Alessandro Deljavan, blog metrics, blogmetrics.org, pianist, piano, piano blog, Uncategorized

Alessandro Deljavan is a uniquely gifted pianist

Sometimes winners of piano competitions are not true messengers of great musical artistry. They might succeed in pleasing a panel of judges who often reward interpretive conformity and convention bundled in pyrotechnical displays, bestowing the Gold medal upon the least offending contender. Yet such a career launch may be short-lived once the round-by-round environment is… Continue reading Alessandro Deljavan is a uniquely gifted pianist

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Keeping up our skills as piano teachers, with an “eye” to taking on challenges

I couldn't resist juxtaposing the importance of learning new and challenging music with an "eye" toward how we can best accomplish our short and long-term goals within our teaching milieu. (The EYE metaphor becomes CLEARER and dual serving as the posting progresses.) *** So many music teachers have a tight schedule of back-to-back students that… Continue reading Keeping up our skills as piano teachers, with an “eye” to taking on challenges

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The “upper arm roll” and undulating wrist in piano playing

Many piano teachers call the same physical approach to various passages by a different name. I find myself in harmony with author, teacher, composer, Seymour Bernstein when he demonstrates the "upper arm roll" in Part 4 of his recorded series, "You and the Piano." https://youtu.be/lNYH8GQrdrc As it plays out in one my teaching videos, I… Continue reading The “upper arm roll” and undulating wrist in piano playing

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Schumann’s “Almost Too Serious” (Kinderszenen No. 10) requires get serious, step-wise practicing

When I first looked at a "seriously" complex page of dizzying tied-over (syncopated) notes in Schumann's "Almost Too Serious," (Fast Zu Ernst) I had a knee-jerk avoidance response--that is until I tapped into a permeating melodic thread that I isolated and wooed from its conspicuous alliance to myriads of off beats. In other words, I… Continue reading Schumann’s “Almost Too Serious” (Kinderszenen No. 10) requires get serious, step-wise practicing

Bach Prelude no. 17, Baroque music, blog, blogger, blogmetrics.org, BWV862, California, fingering, J.S. Bach, J.S. Bach Prelude in Ab, Johann Sebastian Bach, learning a new piano composition, making fingering choices, pianist, piano, piano blog, piano blogging, piano instruction, piano lessons, piano teaching, piano technique, piano tutorial, practicing new piano music, Preludes and Fugues, setting a good piano fingering, Shirley Kirsten, Shirley Smith Kirsten, tutorial, Well-Tempered Clavier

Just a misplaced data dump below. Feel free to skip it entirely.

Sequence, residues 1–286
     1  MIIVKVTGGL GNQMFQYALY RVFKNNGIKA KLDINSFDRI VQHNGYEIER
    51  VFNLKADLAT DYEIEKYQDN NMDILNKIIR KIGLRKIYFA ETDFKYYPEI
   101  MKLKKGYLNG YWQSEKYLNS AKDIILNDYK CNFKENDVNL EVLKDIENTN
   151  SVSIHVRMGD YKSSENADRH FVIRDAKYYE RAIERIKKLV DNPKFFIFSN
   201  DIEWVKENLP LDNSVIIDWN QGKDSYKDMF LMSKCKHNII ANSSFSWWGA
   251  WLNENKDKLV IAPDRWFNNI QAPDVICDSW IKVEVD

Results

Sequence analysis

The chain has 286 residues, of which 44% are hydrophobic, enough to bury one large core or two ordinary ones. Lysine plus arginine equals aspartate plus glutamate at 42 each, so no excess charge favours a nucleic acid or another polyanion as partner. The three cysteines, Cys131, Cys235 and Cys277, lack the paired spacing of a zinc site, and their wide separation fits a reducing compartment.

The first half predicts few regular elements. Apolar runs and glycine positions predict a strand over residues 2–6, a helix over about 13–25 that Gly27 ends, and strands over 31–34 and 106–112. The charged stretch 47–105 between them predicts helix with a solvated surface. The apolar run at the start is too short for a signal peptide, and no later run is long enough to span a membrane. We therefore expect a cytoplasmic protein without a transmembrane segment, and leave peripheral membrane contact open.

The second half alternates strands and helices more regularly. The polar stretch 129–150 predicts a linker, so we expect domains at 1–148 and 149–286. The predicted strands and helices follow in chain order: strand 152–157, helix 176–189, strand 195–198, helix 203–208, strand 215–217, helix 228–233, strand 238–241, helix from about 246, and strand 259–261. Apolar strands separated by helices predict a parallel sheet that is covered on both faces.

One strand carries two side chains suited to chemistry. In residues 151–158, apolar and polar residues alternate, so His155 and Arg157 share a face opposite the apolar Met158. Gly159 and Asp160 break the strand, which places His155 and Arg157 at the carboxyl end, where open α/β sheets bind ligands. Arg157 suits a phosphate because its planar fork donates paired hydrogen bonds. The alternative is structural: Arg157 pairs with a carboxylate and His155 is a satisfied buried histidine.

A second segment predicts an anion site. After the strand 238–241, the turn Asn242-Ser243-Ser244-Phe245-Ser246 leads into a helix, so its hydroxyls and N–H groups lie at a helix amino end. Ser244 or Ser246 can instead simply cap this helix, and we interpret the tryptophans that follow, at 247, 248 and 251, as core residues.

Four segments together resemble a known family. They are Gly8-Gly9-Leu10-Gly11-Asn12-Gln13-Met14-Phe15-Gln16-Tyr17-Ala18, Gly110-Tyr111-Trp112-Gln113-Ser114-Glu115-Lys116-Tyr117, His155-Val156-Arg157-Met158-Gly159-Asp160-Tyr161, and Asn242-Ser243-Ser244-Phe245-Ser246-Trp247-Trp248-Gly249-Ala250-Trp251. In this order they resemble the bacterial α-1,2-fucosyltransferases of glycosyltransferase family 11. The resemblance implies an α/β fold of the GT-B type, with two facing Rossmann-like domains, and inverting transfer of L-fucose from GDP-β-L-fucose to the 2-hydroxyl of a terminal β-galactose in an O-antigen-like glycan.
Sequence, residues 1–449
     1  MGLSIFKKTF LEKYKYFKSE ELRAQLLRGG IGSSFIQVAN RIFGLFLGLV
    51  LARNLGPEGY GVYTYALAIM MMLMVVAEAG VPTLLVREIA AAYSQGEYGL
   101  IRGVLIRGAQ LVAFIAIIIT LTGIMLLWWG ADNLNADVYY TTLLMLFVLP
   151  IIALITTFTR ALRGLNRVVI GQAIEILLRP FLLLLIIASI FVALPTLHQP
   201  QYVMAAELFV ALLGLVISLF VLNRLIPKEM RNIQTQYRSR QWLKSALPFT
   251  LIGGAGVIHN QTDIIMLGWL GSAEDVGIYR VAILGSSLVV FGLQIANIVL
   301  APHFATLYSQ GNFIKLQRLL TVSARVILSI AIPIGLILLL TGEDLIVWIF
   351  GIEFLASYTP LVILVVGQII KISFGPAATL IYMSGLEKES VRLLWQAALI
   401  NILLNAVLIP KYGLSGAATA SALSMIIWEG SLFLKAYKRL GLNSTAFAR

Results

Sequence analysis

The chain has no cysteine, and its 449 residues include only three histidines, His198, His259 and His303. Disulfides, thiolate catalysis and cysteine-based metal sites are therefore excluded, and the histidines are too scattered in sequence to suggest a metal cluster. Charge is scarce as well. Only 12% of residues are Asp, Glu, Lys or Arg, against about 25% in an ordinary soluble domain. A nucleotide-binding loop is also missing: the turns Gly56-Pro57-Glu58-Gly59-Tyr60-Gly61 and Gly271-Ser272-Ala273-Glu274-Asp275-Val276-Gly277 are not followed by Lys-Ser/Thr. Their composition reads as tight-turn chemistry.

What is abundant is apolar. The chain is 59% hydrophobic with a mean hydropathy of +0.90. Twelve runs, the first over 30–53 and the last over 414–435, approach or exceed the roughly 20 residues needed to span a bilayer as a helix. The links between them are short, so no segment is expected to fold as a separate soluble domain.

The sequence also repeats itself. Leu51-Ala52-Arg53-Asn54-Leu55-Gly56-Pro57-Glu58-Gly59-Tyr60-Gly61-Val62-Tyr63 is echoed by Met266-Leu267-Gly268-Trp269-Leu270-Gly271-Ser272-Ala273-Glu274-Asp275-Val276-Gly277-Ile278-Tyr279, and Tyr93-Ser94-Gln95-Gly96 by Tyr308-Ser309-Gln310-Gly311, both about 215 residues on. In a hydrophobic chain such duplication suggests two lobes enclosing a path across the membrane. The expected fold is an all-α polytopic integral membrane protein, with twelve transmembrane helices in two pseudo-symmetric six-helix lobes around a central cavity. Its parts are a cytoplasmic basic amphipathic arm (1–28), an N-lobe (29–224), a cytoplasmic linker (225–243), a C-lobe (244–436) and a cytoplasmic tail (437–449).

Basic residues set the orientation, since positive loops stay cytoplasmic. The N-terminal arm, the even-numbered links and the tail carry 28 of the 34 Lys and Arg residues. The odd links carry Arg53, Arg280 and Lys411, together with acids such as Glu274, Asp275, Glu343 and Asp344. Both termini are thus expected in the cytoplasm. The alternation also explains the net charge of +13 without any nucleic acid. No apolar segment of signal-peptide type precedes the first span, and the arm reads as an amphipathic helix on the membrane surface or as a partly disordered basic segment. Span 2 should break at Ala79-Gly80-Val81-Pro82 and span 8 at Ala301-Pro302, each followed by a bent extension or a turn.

J.S. Bach Prelude in Ab, BWV 862: A Fresh Start for Student and Teacher

In the course of teaching, a situation may arise where a particular favored piece is requested by a student that I've never studied--which means a deep-layered journey is ahead of two learning partners. And given that J.S. Bach's Prelude and Fugue in Ab, (Well-Tempered Clavier Book 1) requires thoughtful fingering choices; an awareness of Baroque… Continue reading J.S. Bach Prelude in Ab, BWV 862: A Fresh Start for Student and Teacher

"The Endangered Piano Technician" by James Boyk, blogmetrics, blogmetrics.org, chuck Terpo, Classical music blog, pianist, piano, piano maintenance, piano technician, Shirley Kirsten, Shirley Smith Kirsten, word press, wordpress.com, you tube, you tube video

Piano Maintenance: Resolving a weighty problem

Chuck Terpo, who continues to finely regulate my Steinway M grand, gave an encore performance yesterday, as he meticulously "lightened" some weighty bass notes. His nifty maneuvers on display in my iPhone generated video, revealed an analytic approach and smooth follow-through. Watch Chuck methodically check the bass range, that was a bit too heavy for… Continue reading Piano Maintenance: Resolving a weighty problem

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Getting immersed in LEARNING Bach’s F minor Fugue, BWV 881 (Well-Tempered Clavier, Book 2)

My journey through the Baroque master's Fugue no. 12 has been a labor of love though the form enshrined by J.S. Bach can be intimidating by its structural nit-pickings. Wikipedia, for example, cites BWV 847 in C minor, (the Fugue) as a model of internal order, with a carefully marked out Subject;  Answer (a fifth… Continue reading Getting immersed in LEARNING Bach’s F minor Fugue, BWV 881 (Well-Tempered Clavier, Book 2)